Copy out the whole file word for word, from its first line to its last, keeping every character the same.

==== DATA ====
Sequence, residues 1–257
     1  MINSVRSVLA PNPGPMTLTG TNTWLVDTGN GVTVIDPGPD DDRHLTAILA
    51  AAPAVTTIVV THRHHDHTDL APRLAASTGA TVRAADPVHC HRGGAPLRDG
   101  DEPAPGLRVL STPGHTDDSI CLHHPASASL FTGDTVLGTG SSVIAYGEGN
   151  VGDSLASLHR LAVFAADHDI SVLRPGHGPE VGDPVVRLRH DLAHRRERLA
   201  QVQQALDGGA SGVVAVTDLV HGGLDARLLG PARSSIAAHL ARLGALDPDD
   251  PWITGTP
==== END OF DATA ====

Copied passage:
Sequence, residues 1–257
     1  MINSVRSVLA PNPGPMTLTG TNTWLVDTGN GVTVIDPGPD DDRHLTAILA
    51  AAPAVTTIVV THRHHDHTDL APRLAASTGA TVRAADPVHC HRGGAPLRDG
   101  DEPAPGLRVL STPGHTDDSI CLHHPASASL FTGDTVLGTG SSVIAYGEGN
   151  VGDSLASLHR LAVFAADHDI SVLRPGHGPE VGDPVVRLRH DLAHRRERLA
   201  QVQQALDGGA SGVVAVTDLV HGGLDARLLG PARSSIAAHL ARLGALDPDD
   251  PWITGTP